Introduction Ventricular assist devices (VAD) are used to support patients with end stage heart failure. Rehabilitation in adults with a VAD is well established; improving cardiorespiratory fitness and strength. The Berlin Heart, an extracorporeal VAD, is used as a bridge to heart transplant in children. There is no evidence to guide rehabilitation in this population, and the impact on development and post-transplant recovery requires investigation. This study aimed to demonstrate the feasibility of rehabilitation in paediatric VAD patients as well as its significance in optimizing patients for transplant.
Case summary We present a case series discussing the rehabilitation of three children supported on Berlin Heart. The patients were aged between 16 and 50 months, two were males and admission diagnoses included dilated cardiomyopathy and congenital aortic stenosis. At VAD implantation, the patients were significantly deconditioned, unable to mobilise independently and displayed delayed gross motor skills. The number of days bridged on VAD ranged from 310–392.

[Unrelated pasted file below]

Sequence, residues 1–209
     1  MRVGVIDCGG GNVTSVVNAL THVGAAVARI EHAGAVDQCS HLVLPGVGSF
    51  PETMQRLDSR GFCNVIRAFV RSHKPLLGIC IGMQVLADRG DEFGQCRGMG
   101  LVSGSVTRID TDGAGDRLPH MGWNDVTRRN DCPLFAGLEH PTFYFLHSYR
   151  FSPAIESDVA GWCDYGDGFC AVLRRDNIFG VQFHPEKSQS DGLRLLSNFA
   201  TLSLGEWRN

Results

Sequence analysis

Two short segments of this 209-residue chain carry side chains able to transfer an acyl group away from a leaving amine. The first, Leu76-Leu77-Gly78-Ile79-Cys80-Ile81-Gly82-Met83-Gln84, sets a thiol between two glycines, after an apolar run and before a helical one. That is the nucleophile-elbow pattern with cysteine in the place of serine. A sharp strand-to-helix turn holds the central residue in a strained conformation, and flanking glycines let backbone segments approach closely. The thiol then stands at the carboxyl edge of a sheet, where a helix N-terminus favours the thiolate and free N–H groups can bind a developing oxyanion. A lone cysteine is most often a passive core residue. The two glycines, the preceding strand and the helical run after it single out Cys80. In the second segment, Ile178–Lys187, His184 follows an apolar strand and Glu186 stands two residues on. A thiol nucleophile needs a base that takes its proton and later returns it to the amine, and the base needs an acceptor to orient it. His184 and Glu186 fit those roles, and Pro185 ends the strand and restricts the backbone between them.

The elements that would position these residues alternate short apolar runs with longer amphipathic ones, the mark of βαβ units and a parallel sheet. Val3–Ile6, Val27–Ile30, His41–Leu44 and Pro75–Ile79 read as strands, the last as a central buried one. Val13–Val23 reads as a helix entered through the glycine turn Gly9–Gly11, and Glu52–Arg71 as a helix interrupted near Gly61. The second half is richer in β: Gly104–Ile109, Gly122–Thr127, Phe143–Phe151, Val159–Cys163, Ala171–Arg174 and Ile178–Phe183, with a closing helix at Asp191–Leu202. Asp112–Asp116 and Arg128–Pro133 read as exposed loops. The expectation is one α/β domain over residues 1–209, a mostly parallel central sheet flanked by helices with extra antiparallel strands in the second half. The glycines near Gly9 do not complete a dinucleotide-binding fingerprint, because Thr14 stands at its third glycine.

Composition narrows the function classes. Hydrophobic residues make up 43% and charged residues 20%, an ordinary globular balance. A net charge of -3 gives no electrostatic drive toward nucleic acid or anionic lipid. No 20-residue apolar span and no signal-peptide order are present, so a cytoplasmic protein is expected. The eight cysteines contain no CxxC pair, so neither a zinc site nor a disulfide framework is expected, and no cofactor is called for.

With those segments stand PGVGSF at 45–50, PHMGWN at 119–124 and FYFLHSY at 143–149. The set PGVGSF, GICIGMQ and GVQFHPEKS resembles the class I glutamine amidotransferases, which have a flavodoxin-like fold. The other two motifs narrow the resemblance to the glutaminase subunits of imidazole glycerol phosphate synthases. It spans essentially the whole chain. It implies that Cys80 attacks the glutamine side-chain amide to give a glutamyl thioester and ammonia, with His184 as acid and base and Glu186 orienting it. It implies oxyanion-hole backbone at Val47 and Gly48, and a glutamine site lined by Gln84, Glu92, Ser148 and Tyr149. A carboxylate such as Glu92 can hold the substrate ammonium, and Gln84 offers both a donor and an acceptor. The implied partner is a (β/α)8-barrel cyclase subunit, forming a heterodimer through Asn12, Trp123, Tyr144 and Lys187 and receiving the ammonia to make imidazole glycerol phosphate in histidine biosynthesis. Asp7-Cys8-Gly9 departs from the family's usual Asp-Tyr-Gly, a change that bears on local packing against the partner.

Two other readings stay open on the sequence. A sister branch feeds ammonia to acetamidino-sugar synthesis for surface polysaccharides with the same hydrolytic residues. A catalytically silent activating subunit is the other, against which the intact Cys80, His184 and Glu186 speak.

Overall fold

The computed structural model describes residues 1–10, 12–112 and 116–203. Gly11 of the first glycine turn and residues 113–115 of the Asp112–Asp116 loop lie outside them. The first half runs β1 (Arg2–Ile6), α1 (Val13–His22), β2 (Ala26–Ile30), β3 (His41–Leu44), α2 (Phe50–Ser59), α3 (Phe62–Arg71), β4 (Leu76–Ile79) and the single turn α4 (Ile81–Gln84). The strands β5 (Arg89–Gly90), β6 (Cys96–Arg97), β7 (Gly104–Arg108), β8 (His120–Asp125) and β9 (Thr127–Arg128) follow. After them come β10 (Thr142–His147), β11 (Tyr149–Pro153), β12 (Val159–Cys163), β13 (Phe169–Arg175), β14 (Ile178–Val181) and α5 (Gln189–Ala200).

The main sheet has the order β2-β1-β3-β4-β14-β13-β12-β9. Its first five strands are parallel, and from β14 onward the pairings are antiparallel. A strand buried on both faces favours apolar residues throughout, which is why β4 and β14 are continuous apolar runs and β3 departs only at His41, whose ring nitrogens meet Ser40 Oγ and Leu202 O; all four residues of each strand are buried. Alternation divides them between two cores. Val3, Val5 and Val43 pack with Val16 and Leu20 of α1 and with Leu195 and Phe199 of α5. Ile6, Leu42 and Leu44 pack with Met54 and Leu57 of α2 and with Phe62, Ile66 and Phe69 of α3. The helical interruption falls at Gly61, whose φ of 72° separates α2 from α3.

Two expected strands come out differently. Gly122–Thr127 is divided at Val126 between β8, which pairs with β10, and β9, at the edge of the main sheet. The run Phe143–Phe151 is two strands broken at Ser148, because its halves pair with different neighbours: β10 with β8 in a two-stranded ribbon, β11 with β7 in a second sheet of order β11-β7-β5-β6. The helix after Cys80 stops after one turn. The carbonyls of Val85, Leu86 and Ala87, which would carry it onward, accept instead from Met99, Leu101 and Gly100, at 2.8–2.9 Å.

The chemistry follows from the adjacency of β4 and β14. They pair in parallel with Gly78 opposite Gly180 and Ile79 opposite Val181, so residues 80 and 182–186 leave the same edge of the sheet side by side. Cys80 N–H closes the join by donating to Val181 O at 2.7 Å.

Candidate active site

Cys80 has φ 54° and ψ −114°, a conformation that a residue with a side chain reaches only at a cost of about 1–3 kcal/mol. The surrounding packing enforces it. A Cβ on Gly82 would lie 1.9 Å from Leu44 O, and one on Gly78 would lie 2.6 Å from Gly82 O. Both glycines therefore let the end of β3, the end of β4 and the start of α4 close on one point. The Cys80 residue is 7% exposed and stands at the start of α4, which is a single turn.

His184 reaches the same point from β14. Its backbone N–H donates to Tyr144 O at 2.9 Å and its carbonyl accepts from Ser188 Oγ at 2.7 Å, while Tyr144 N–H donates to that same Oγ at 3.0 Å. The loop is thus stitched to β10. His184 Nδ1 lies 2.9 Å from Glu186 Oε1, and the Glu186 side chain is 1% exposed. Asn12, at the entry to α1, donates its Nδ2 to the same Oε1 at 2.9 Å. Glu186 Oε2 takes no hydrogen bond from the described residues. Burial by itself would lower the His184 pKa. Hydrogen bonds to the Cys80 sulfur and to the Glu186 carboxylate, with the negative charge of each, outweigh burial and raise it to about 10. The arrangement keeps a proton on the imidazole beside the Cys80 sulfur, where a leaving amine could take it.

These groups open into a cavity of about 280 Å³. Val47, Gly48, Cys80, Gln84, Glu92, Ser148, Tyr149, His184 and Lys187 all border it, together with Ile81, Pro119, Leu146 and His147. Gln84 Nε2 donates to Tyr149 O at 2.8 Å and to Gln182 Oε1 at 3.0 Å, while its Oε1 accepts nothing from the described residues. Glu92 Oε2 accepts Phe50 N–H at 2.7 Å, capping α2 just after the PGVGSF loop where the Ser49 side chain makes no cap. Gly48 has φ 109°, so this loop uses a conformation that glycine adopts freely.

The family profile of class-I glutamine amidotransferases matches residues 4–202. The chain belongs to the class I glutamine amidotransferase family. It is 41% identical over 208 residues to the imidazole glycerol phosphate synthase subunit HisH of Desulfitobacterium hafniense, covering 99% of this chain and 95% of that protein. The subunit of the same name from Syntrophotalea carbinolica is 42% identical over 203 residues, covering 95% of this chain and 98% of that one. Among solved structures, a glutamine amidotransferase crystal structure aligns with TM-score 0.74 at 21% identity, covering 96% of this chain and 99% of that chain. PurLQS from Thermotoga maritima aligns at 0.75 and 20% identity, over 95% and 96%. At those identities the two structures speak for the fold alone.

Rehabilitation, including active-assisted and functional exercises, started on day one post VAD insertion. Two children sat over the edge of bed whilst intubated and all were sitting out of bed by day 18. The patients regularly attended the gym once discharged to the ward. Gym rehabilitation focused on developmental play, strengthening, and exercise tolerance; involving crawling, stairs, and cycling. No adverse events were reported during rehabilitation sessions. At the time of transplant each child was independently mobile, displayed age-appropriate motor skills, and tolerated 30–60 minute gym sessions.
Conclusion All children improved exercise tolerance and motor skills whilst on the Berlin Heart. This case series suggests that rehabilitation in paediatric VAD patients is safe. From our experience optimizing pre-transplant physical status helps to facilitate post-transplant recovery. This small study highlights the need for further research, including investigation into standardised outcome measures and optimal levels of activity.
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